This is a rush transcript from "The Journal Editorial Report," March 17, 2007.
PAUL GIGOT, HOST: This week on "The Journal Editorial Report," Attorney General Alberto Gonzales is under fire for what Democrats are calling a political purge. But how unprecedented was the dismissal of those eight U.S. attorneys? Just ask Hillary Clinton.
And from A to Z, Al Qaeda's number 3 confesses to planning the 9/11 attacks and dozens more. What impact will Khalid Sheikh Mohammed's confession have on the debate over enemy combatants?
Our panel weighs in, after these headlines.
GIGOT: Welcome to "The Journal Editorial Report." I'm Paul Gigot.
Fallout continued this week over the Justice Department's firing of eight U.S. attorneys, with Democrats and some Republicans calling for the resignation of Attorney General Alberto Gonzales.
Joseph di Genova is a former United States attorney for the District of Columbia. He joins me now from Washington.
Joe di Genova, welcome to the program. Good to have you here.
JOE DIGENOVA, FORMER U.S. ATTORNEY: Nice to be here, Paul.
GIGOT: U.S. attorneys are political appointees. They're prosecutors appointed by the president to serve at his pleasure. So presumably, the president can dismiss them. What did the administration do wrong in this case?
DIGENOVA: They have the right to fire them. They don't have a right to smear them or to give inconsistent and inaccurate answers to Congress about why they were removed.
I think the real crime here is not a violation of Title 18. The crime is the clumsiness and the hand-handedness with which this was handled by the Justice Department.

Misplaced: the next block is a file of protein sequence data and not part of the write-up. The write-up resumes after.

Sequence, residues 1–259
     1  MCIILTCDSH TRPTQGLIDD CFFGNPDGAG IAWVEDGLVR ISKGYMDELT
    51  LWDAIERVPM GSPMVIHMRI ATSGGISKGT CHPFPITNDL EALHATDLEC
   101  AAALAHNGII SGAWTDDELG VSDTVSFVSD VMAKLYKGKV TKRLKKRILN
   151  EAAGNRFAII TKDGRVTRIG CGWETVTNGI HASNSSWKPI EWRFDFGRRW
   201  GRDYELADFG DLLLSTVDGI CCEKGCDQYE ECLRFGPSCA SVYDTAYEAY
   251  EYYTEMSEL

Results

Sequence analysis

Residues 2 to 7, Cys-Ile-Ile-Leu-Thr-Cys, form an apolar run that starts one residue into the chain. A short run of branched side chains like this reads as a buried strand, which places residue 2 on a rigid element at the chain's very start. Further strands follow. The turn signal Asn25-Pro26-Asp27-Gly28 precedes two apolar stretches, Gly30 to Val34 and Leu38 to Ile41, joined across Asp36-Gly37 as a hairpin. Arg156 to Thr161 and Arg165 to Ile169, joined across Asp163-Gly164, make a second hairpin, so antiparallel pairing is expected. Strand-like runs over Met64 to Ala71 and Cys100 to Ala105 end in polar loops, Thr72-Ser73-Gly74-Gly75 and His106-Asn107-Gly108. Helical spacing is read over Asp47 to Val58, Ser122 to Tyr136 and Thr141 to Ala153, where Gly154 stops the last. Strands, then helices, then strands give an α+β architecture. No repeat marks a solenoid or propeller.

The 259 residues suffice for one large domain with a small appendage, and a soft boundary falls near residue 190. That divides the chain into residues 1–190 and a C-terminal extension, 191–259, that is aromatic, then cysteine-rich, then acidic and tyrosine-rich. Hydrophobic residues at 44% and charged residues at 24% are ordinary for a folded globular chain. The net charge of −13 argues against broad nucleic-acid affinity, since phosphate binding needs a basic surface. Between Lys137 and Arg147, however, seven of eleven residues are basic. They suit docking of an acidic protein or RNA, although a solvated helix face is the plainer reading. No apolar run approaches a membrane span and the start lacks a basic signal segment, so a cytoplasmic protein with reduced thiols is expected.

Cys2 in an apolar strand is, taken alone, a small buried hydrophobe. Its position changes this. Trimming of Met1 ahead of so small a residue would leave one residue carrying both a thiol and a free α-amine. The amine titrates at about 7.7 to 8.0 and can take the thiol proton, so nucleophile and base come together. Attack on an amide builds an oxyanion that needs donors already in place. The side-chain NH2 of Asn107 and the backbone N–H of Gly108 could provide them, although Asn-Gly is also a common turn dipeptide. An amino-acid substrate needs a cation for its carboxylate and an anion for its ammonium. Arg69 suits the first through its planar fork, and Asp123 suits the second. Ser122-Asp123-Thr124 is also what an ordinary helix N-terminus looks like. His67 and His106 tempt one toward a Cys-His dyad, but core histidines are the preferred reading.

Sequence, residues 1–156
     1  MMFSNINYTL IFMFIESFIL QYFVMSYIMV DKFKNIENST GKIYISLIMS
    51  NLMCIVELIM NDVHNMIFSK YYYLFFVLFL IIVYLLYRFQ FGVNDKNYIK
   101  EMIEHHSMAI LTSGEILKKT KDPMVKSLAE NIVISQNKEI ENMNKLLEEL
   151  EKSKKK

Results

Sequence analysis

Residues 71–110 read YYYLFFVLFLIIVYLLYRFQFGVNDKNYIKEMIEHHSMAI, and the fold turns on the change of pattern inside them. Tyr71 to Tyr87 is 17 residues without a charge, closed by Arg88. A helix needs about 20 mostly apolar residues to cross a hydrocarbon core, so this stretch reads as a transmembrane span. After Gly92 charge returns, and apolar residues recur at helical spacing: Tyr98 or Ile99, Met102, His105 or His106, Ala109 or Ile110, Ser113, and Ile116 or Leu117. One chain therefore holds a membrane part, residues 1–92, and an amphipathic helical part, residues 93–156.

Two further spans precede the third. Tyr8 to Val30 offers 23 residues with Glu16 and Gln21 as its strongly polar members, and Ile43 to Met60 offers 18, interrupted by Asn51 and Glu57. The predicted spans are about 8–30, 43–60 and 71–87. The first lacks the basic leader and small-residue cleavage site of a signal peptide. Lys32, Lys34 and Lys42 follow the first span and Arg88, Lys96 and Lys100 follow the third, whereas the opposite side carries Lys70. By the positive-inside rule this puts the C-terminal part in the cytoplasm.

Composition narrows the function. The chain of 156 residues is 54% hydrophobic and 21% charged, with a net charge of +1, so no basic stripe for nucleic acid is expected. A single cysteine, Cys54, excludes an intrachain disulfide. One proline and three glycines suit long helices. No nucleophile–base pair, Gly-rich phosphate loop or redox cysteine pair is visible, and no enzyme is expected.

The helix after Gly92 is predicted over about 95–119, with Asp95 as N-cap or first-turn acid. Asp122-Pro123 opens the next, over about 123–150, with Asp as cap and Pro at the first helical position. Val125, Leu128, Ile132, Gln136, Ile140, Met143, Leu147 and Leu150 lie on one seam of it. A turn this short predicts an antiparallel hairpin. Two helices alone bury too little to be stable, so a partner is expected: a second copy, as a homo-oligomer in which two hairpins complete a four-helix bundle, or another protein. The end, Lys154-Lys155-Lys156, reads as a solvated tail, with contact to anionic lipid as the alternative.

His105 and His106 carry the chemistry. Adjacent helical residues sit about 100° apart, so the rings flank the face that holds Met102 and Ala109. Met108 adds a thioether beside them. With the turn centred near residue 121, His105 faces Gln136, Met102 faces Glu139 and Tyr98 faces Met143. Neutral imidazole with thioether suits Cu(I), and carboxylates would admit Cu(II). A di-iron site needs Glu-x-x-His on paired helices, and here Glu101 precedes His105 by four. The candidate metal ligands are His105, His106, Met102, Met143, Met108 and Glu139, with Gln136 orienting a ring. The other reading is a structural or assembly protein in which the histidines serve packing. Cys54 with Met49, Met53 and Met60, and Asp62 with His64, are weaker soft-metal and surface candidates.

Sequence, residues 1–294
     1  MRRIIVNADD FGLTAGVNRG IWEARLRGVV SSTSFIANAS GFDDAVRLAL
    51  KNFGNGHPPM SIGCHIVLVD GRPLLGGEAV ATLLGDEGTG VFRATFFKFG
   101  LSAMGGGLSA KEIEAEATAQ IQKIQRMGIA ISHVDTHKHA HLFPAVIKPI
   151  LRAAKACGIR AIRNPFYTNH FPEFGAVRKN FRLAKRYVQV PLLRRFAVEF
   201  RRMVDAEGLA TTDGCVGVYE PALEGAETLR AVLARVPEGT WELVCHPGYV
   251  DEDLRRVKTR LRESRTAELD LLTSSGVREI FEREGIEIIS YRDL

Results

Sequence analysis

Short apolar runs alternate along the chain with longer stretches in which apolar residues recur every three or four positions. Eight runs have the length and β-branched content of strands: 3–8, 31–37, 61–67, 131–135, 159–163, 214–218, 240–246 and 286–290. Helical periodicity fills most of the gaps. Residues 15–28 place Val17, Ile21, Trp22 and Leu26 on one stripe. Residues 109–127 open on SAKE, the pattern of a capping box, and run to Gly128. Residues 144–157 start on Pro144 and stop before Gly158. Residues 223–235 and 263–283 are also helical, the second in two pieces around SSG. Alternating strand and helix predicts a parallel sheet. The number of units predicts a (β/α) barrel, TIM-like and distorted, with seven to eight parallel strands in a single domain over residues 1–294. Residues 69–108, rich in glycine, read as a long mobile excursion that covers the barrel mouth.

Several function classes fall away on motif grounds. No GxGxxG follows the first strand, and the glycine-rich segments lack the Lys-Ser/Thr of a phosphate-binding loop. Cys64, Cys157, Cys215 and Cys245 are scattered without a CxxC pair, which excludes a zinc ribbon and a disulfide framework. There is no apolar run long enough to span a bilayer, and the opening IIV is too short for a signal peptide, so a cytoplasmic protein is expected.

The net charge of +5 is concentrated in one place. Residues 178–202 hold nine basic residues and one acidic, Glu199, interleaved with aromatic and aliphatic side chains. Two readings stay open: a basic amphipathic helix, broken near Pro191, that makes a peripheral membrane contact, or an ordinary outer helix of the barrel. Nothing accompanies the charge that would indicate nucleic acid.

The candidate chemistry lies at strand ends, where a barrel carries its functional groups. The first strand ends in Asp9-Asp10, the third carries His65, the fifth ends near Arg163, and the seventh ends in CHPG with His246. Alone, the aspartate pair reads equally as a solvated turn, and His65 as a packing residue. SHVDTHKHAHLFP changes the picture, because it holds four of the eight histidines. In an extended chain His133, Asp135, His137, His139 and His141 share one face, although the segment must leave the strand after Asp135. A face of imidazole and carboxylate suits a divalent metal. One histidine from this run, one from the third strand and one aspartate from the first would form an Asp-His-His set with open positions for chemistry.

I think that's really what — this was handled so unprofessionally that now they're — this would have been fine if the Republicans were still in control of the Congress. But they are not any more. The power has changed.
And as a result, Democrats are in control. They can ask tough questions. And subpoenas start to fly. That's why you have to have adults in charge at the White House counsel's office and at the Justice Department.
GIGOT: So there's nothing wrong, in your view, when the president of the United States, who has won reelection as the president did in 2004 and in 2005 — they had some discussions in the White House and the Justice Department about replacing officials. There's nothing wrong with the president saying, "You know, I want to replace a half dozen 10, 12, even 20 or more U.S. attorneys?
DIGENOVA: Absolutely nothing legally wrong with that at all. Absolutely none.
GIGOT: So is it just a political issue then, that you have to be more worried...
DIGENOVA: I think, at this point, it is.